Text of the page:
Written by: Rik

Date posted: February 24, 2008

One of the few times you get a warning that doing something might result in CERTAIN DEATH.

While we’ve made a few tentative attempts at reviewing them in the past, it’s fair to say that the Sierra Quest games aren’t too well represented in our otherwise (comparatively) well-furnished adventure section. It’s not that we’ve adopted a policy of deliberately shunning them, more that we weren’t really all that fond of them first time around. Which may call into question the wisdom of revisiting them now – I mean, if you can’t be bothered with something when it’s brand new and shiny, the chances of you enjoying it more than fifteen years later are fairly remote.

Still, they proved popular enough with lots of other people, and there’s certainly no denying the significance of Sierra’s contribution to the genre. And with a reasonably priced collection-pack back on the shelves, it seemed like a good opportunity to give them another crack.

Seasoned retro-gamers will be familiar with Sierra’s penchant for remaking their own adventure games at various points, and as you may have noticed, it’s the 1991 reissue of Space Quest that we’re dealing with here. While there is perhaps something to be said for playing the original version, Sierra didn’t deem it worthy of inclusion on the above-mentioned collection CD, and seeing as I’m not desperately interested in dealing with blotchy EGA graphics and text parser just for the sake of it, I’m happy to go along with their decision. From past experience, I think it’s fairly safe to say you won’t be missing out on too much by playing this one, with the most significant changes involving the inclusion of shinier graphics and a ‘point-and-click’ interface. If you don’t like the sound of either of those things, then, er, fine – go play the original instead.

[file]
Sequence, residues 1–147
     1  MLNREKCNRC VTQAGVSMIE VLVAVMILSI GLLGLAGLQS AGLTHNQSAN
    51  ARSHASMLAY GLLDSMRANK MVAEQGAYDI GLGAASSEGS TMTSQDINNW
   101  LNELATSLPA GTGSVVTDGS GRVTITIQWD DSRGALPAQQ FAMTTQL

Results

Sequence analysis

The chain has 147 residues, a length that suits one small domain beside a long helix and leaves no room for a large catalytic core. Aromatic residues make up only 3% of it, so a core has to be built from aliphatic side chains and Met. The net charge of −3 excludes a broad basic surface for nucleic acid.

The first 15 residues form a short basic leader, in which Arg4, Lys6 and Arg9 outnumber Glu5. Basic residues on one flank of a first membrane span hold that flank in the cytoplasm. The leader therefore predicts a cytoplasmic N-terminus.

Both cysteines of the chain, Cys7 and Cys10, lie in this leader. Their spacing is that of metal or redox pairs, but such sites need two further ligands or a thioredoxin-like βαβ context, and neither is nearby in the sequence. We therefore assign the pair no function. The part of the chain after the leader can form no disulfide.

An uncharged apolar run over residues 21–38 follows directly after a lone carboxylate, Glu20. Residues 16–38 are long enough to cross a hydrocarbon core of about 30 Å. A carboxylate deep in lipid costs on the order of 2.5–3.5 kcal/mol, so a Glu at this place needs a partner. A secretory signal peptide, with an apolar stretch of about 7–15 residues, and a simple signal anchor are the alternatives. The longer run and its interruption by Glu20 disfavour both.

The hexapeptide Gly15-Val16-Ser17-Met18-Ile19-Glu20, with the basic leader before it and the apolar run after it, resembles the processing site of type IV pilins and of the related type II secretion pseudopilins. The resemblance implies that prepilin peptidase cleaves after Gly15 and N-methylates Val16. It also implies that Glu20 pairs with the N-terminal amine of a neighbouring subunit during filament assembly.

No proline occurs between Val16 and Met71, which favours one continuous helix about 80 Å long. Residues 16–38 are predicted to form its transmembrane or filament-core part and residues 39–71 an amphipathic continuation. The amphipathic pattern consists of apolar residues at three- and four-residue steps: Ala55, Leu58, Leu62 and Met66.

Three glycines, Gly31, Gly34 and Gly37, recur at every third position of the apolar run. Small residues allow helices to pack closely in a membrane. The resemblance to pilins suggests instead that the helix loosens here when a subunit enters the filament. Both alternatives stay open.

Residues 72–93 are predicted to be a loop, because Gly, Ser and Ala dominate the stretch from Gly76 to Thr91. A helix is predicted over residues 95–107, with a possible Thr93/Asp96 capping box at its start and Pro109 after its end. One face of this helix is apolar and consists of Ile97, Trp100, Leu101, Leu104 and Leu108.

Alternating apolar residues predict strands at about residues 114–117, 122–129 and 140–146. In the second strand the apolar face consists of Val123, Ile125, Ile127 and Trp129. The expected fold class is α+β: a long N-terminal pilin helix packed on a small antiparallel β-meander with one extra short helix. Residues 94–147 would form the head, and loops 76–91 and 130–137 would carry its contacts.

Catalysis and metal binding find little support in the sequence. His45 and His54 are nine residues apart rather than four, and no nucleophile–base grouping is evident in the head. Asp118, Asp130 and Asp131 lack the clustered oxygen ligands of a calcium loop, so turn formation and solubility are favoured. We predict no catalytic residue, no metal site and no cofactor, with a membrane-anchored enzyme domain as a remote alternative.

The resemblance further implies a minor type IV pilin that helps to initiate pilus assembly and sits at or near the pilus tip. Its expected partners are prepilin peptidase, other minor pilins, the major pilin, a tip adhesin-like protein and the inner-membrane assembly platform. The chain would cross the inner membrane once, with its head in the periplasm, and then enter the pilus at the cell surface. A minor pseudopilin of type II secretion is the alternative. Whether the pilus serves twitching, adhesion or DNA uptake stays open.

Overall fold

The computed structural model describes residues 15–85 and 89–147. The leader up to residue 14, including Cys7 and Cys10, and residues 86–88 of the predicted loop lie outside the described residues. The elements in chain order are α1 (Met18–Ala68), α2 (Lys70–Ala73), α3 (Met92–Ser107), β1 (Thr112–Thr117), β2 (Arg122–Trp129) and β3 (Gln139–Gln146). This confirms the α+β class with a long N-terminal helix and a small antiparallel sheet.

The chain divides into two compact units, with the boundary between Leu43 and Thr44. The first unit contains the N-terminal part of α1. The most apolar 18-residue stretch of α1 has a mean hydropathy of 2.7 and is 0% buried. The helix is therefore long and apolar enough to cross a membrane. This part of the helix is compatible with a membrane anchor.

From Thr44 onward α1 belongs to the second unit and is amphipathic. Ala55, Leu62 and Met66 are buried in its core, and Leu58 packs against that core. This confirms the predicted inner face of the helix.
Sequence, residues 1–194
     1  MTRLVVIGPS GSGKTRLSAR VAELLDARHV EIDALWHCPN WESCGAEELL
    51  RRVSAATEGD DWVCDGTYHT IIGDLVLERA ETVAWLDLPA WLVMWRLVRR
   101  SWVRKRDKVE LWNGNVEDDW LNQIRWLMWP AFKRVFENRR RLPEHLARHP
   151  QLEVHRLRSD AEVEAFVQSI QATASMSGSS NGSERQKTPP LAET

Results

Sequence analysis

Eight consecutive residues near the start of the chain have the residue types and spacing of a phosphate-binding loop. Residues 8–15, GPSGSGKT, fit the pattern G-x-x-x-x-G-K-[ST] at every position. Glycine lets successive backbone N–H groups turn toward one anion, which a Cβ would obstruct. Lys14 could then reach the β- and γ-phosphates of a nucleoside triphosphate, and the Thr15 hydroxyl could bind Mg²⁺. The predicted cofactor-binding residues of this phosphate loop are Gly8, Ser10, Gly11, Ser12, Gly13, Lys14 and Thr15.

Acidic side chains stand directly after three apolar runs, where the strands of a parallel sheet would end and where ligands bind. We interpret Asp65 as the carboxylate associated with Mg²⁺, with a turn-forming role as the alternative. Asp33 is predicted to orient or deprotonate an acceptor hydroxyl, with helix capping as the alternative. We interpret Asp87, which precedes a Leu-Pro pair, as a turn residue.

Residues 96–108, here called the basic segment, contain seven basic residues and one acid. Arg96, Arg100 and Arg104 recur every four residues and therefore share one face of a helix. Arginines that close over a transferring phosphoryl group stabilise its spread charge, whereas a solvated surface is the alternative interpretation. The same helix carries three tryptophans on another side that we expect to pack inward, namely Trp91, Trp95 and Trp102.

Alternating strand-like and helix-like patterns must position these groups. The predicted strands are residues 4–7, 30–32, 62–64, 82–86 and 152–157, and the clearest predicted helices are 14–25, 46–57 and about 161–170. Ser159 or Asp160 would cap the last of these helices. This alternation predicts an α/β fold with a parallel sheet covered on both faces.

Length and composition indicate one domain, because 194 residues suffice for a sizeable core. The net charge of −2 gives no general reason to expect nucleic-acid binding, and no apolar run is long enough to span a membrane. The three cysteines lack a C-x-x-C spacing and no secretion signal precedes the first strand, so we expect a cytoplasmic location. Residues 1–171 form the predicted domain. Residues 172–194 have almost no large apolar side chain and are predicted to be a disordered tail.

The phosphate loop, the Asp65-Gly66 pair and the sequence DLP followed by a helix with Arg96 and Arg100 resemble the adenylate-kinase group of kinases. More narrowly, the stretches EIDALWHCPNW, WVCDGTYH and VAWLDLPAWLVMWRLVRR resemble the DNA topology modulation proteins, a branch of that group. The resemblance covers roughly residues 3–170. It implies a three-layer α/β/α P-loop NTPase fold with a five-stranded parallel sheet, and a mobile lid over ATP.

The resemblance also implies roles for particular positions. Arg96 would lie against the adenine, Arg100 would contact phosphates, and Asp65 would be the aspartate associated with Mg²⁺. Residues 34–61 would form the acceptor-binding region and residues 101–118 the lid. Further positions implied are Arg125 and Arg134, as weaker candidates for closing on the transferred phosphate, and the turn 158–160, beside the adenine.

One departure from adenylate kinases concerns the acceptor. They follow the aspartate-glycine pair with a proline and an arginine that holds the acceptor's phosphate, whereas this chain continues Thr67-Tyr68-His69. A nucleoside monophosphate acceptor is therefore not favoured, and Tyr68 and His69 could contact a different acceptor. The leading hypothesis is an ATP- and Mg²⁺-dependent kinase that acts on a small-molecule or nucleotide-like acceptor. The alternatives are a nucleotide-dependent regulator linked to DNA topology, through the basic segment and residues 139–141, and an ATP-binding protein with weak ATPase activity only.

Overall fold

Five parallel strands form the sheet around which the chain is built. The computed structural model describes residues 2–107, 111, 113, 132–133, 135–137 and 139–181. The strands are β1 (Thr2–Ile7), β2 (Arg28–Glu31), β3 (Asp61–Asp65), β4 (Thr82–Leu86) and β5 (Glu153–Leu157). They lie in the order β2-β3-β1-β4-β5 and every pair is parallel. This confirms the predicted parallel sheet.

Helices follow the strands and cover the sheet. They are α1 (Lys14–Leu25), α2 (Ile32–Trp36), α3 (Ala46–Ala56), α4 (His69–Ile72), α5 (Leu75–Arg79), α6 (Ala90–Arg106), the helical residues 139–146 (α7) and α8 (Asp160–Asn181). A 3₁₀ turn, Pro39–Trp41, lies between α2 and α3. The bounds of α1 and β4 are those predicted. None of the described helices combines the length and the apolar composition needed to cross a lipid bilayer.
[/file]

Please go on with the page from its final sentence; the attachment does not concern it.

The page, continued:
The spider-bot follows you about. When it catches up with you, you die. There’s some mildly entertaining MIDI music that plays whenever it’s on-screen though.

Anyway, Space Quest is the first outing for intrepid janitor Roger Wilco, and as Roger you awake from your nap in the supply cupboard to find that the ship has been boarded by sinister aliens, known as Sariens. They’re after a piece of onboard machinery called the “Star Generator”, which was designed for peaceful purposes but, naturally, becomes an extremely dangerous weapon should it ever fall into the wrong hands. Your task is to escape the clutches of the Sariens before returning to destroy the Star Generator prior to it being used for nefarious purposes.

As with many early adventure games, it’s short but tough, and in this case death almost literally lurks around every corner. When you start, you have exactly 15 minutes to work out how to get off your ship before it self-destructs, all the while avoiding the numerous laser-toting Sarien guards prowling the corridors, and the game largely continues in this vein, offering you numerous opportunities to fail, get stuck, or die horribly.